Eye Health: take care of your children!

Even during difficult moments, it is very important to keep taking care of your kids’ eyes.


We are now facing a very important challenge: Covid-19 changed our habits, making people and families’ certainties uncertain.

The fear of the virus, together with the government regulations, kept us away from the emergency departments, hospitals and doctors’ offices, prompting people to take less care of themselves and underestimate other pathologies.

In this context, the digital revolution is helping us to build a long-distance dialogue between doctors and patients through telemedicine and remote consulting.

Despite all this, the previous described services are not always used by people who rather prefer to find a solution to their healthcare problems by themselves. Without a medical advice, people and kids’ health problems can easily get worse.

With all this in mind, fathers and mothers truly need more science-based information that can help to better protect their children.

Consequently, collecting information about the most common eye infections of babies and children becomes a priority.

The most common eye infections of babies and children

Eye infections occur when bacteria, fungi or virus attack the eyeball and/or the areas that surround it. The infected areas can be the cornea (the transparent layer forming the front of the eye), the tear film and the conjunctiva (the mucous membrane that covers the front of the eye and lines the inside of the eyelids).

The bacterial conjunctivitis is the most common eye infection in babies and children.

To be more specific, babies can suffer from eye infections after their birth – in this case the conjunctivitis is caused by sexually transmitted pathogens – or from conjunctivitis caused by chemical substances and other bacteria with which they come in contact.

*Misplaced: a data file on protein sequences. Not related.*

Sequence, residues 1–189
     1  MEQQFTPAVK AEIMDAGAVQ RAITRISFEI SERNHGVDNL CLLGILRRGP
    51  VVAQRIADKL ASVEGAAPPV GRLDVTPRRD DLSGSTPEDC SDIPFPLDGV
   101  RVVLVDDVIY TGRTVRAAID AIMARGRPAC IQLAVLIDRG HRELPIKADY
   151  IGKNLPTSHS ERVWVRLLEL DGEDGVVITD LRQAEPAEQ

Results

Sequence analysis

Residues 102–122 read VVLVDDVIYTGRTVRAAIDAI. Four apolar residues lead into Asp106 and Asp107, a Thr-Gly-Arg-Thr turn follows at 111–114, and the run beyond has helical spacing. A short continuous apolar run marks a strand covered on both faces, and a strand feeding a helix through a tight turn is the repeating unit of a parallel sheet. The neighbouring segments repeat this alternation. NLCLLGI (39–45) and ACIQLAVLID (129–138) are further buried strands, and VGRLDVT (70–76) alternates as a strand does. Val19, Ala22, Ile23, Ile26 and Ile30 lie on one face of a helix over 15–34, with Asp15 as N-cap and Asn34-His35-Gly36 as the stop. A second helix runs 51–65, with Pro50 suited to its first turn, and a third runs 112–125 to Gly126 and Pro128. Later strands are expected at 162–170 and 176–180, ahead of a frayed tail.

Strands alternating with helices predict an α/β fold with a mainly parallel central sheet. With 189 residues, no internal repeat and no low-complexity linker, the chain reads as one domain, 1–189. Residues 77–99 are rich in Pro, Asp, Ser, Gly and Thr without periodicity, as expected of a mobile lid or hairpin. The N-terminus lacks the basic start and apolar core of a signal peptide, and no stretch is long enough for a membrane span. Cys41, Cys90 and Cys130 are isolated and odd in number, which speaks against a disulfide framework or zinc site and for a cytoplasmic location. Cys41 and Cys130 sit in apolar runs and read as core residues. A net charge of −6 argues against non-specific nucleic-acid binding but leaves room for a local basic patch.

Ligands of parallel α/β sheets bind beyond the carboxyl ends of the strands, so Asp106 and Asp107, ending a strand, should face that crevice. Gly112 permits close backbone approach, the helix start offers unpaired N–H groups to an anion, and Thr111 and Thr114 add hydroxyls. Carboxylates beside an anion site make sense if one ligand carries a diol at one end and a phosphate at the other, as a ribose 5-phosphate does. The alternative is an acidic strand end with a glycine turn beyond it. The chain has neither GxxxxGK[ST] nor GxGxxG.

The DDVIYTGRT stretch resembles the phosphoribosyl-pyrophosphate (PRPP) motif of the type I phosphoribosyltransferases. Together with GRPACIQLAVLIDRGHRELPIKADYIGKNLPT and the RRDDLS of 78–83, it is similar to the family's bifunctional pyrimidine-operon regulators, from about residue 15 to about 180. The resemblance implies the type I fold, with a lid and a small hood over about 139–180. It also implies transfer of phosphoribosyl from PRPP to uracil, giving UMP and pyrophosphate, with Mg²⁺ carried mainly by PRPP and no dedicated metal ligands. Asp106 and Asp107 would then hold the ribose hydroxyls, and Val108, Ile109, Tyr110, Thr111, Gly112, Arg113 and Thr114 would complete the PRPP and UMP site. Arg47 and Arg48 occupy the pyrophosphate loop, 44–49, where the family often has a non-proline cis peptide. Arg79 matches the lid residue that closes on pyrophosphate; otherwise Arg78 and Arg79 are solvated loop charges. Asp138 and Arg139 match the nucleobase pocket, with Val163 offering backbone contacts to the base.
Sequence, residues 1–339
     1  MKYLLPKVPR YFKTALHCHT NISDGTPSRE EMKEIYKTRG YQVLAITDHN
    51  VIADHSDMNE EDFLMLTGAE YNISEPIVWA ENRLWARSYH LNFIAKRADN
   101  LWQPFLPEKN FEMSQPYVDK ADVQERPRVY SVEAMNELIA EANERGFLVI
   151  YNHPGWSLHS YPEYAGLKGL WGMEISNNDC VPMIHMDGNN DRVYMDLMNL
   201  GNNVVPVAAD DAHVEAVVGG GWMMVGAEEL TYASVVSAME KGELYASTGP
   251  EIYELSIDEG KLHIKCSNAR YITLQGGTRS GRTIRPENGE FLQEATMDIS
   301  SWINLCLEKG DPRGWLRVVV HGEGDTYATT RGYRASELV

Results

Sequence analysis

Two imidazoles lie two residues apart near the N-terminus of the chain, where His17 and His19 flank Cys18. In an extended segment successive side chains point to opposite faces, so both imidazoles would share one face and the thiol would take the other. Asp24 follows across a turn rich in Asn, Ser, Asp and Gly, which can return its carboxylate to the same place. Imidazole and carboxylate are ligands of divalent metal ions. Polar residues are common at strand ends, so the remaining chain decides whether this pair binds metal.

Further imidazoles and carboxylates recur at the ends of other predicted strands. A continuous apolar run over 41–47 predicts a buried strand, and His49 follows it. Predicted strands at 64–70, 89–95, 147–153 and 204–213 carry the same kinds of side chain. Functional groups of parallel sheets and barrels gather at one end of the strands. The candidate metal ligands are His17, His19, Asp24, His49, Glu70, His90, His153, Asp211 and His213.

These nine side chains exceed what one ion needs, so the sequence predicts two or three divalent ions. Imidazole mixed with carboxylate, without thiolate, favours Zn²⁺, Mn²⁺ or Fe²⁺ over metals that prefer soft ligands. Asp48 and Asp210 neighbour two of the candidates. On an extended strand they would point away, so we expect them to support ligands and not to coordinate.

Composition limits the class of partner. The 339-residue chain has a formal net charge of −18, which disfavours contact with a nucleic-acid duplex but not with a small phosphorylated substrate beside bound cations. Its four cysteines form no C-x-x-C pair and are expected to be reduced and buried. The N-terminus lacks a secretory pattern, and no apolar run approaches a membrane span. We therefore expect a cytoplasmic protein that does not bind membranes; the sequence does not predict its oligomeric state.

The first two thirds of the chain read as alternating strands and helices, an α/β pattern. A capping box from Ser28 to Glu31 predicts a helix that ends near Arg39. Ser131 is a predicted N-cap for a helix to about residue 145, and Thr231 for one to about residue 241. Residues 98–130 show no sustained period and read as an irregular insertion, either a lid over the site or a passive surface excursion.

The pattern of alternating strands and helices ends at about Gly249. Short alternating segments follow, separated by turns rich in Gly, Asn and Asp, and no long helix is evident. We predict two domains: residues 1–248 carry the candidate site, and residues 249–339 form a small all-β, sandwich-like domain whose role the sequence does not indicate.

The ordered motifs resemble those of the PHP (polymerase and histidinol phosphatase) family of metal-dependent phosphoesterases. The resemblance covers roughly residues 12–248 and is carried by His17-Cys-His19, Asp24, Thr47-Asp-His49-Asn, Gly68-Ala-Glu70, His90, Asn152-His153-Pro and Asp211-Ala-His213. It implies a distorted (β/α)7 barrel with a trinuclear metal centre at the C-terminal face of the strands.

Older children can be affected by conjunctivitis through contaminated objects (i.e. towels, sheets, clothes and toys) or after a direct contact with other children who suffer from the same infection (this contact usually occurs in crowded places such as schools).

Symptoms can vary depending on the cause of the infection, but some of them occur in every kind of conjunctivitis:

  • Red eyes
  • Burning
  • Swelling
  • Itching
  • Feeling of having something inside your eye
  • Lacrimation increase and crusting

Eye hygiene and good correct diet

Considering that kids do not possess a full eye protection and immune system, it would be appropriate to use daily wet wipes which help to clean both the eyelids and the eyelash. In this way it is possible to reduce irritation - which can easily get worse -.

Here some suggestions:

  • On one hand, in presence of mucopurulent secretions, crusting and other symptoms of conjunctivitis, parents can apply warm compresses on the infected area using wet wipes which have been previously warmed up.
  • On the other hand, in presence of itching and swelling, cold compresses can be applied for a decongestant effect

Just take in mind that the previous tips should be taken into account while waiting for an appropriate medical consult!

Finally, remember that a diet rich in Vitamin C, D, magnesium, iron, omega 3 (which can be found in fruit, fish and vegetables), zinc and selenium (contained in milk and dairy products) can help to strengthen our kids’ immune system.


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